• Some (5%) called their submissiveness intrinsic, but said they didn’t acknowledge it until adulthood. “I was in denial for years.”
  • One-quarter (22%) said they became subs as a result of life experiences. Half of that group (11%) said they’d been traumatized and sexualized it. “I was sexually abused as a child. It made me submissive.” “Both of my parents spanked me. I and grew up wanting punishment.” The other half, like Anastasia Steele, were introduced to BDSM as adults by lovers, and enjoyed it.
  • Others (11%) said submissiveness helped them counter psychological distress. “The endorphins from pain play help my bipolarity as much as strenuous exercise.”

Why Submissiveness Can Bring Pleasure

The bottoms in the survey enjoyed submissiveness for many reasons:

  • Nearly half (46%) said they felt turned on by role-playing. “I get very aroused serving another’s needs.” “I have powerful fantasies of seeing myself as the devoted slave of a powerful owner.” “I trust my dom to hurt me but never cause real harm. With the deep trust we share, we can experiment with all kinds of consensual non-consent.”
  • One-third (37%) said they enjoyed feeling pain within their specified limits. “Bad pain—stubbing my toe. Good pain—my dom flogging me.” “I’ve always liked over-exercising because it hurts.” Spanking was a particular favorite. It can be easily regulated—a hand in an oven mitt, a bare hand, a flogger, or paddle. And spanking can easily combine intense sensation with submissiveness and role-playing—the naughty child, the disobedient student or employee.
  • One-quarter (27%) said their preferred pain propelled them into a trance-like altered state involving deep relaxation, almost mystical contentment, a sensation of floating outside their bodies achieving oneness with the universe. Subs have a word for this—“subspace.” “It’s meditative.” “I feel all floaty and spacey.” “I go on ‘vacation’ mentally to a place where I feel everything but nothing hurts.”
  • One in five (18%) said they were more into restraint than pain. “Being restrained feels exquisite.” “When I’m blindfolded and bound, I feel relaxed, confident, safe, and sexy.”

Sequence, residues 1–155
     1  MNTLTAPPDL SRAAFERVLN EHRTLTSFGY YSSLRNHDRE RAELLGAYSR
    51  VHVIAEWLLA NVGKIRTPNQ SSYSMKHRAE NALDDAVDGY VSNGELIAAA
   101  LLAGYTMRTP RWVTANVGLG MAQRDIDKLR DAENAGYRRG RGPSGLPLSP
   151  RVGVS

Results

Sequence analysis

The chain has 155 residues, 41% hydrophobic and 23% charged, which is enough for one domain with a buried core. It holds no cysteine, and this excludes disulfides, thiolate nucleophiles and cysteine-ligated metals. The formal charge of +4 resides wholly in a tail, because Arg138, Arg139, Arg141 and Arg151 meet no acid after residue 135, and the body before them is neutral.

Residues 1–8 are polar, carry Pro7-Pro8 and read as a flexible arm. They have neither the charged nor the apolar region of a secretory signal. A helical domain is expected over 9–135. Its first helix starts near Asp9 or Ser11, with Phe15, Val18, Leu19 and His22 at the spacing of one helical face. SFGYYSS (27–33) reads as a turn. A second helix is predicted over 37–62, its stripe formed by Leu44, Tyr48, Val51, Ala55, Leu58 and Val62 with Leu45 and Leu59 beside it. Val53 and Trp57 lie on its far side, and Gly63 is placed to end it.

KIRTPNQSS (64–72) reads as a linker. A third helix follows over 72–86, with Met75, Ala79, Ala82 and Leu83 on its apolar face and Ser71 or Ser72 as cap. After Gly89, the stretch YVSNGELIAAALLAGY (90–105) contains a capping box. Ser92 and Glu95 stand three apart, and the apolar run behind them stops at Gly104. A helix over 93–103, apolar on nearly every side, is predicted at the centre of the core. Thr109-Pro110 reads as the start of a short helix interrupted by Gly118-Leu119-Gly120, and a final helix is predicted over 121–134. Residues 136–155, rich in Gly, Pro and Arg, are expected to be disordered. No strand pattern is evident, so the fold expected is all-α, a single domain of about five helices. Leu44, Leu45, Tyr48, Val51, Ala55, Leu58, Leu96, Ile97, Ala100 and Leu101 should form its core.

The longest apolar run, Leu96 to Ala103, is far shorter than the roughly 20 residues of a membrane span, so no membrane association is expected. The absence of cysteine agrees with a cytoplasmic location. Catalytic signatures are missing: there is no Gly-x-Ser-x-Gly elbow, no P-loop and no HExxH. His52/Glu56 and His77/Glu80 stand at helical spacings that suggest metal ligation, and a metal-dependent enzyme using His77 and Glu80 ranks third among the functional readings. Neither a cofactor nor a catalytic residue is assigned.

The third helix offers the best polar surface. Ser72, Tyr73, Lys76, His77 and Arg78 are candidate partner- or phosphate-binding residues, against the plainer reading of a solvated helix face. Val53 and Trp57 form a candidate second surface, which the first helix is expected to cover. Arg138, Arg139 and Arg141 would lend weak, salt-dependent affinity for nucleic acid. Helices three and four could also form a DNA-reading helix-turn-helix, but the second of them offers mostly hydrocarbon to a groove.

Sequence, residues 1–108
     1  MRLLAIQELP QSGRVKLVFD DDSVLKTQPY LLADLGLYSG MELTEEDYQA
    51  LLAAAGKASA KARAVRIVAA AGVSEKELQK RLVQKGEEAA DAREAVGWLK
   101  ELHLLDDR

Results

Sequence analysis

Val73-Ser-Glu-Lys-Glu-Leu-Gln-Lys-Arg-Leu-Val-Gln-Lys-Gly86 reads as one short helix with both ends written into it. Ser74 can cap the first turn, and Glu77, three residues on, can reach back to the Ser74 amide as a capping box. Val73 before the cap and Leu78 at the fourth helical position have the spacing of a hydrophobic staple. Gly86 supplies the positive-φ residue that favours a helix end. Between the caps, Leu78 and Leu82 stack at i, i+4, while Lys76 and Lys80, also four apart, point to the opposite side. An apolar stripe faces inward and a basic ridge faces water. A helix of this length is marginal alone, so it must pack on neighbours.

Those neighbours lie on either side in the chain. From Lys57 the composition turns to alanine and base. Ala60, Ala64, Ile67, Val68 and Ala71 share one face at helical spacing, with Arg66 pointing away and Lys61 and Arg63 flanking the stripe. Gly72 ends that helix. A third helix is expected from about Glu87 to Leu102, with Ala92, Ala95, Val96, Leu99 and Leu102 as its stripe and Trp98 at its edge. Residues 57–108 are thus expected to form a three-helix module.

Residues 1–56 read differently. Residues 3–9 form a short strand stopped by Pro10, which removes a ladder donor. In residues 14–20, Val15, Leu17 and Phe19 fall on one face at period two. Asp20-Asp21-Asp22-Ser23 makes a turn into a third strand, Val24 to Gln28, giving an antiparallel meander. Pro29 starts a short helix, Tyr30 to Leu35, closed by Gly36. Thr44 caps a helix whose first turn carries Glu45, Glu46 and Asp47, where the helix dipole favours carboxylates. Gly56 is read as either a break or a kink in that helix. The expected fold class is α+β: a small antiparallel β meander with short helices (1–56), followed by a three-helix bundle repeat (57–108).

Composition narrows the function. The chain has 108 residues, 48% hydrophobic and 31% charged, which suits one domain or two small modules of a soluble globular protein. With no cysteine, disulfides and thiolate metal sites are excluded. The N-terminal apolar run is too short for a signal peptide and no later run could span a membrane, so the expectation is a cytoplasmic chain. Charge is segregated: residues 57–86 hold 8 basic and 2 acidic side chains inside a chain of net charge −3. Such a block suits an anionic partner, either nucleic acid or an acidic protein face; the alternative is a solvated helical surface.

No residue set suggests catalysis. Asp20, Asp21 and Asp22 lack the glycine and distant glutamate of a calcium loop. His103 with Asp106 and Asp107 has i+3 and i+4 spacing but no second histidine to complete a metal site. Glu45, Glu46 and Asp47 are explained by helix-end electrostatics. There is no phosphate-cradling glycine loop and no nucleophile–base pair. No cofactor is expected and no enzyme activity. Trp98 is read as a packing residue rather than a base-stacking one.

Beyond BDSM: Pain as Pleasure

Imagine hikers climbing to a mountain summit. Along the way, they get sunburned, bitten by insects, and scratched by brambles. At the summit, they have sore muscles and aching joints. But the view is sensational, and their sense of accomplishment brings profound pleasure that cannot be experienced any other way. Subs feel the same way.

Ever heard of “runner’s high”? Mixtures of pain and pleasure similar to what subs experience often result from strenuous athletics, natural childbirth, military training, fire walking, religious observances (Christian flagellation, Native American body piercing), and other activities that “hurt so good.”

Pain must always be considered in context. When people experience pain that’s out of their control—bee stings, falls down stairs—they recoil. But when doms administer intense sensation, many subs feel enjoyment and profound gratitude that brings not just pleasure but deep spiritual contentment.

References

Brown, A et al. “A Systematic Scoping Review of the Prevalence, Etiology, Psychological, and Interpersonal Factors Associated with BDSM,” Journal of Sex Research (2020) 57:781.doi: 10.1080/00224499.2019.1665619.

DeNeef, N et al. “Bondage, Discipline, Dominance, Submission, and Sadomasochism (BDSM) from an Integrative Biopsychosocial Perpsective: A Systematic Review,” Sexual Medicine (2019) 7:129. Doi.org/10.1016/j.esxm.2019.02.002

Dunkley, CR et al. “Physical Pain as Pleasure: A Theoretical Perspective,” Journal of Sex Research (2020) 57:421. doi: 10.1080/00224499.2019.1605328.

Labreque, F et al. “What Is So Appealing About Being Spanked, Flogged, Dominated, and Restrained? Answers from Practitioners of Sexual Masochism/Submission,” Journal of Sex Research (2021) 58:409. Doi.org/10.1080/0224499.2020.1767025.

Richters, J. et al. “Demographic and Psychological Features of Participants in Bondage, Discipline, Sado-Masochism, or Dominance and Submission (BDSM): Data from a National Survey,” Journal of Sexual Medicine (2008) 5:1660.

Wismeijer, A.A. and M.A. Van Assen. “Psychological Characteristics of BDSM Practitioners,” Journal of Sexual Medicine (2013) 10:1943.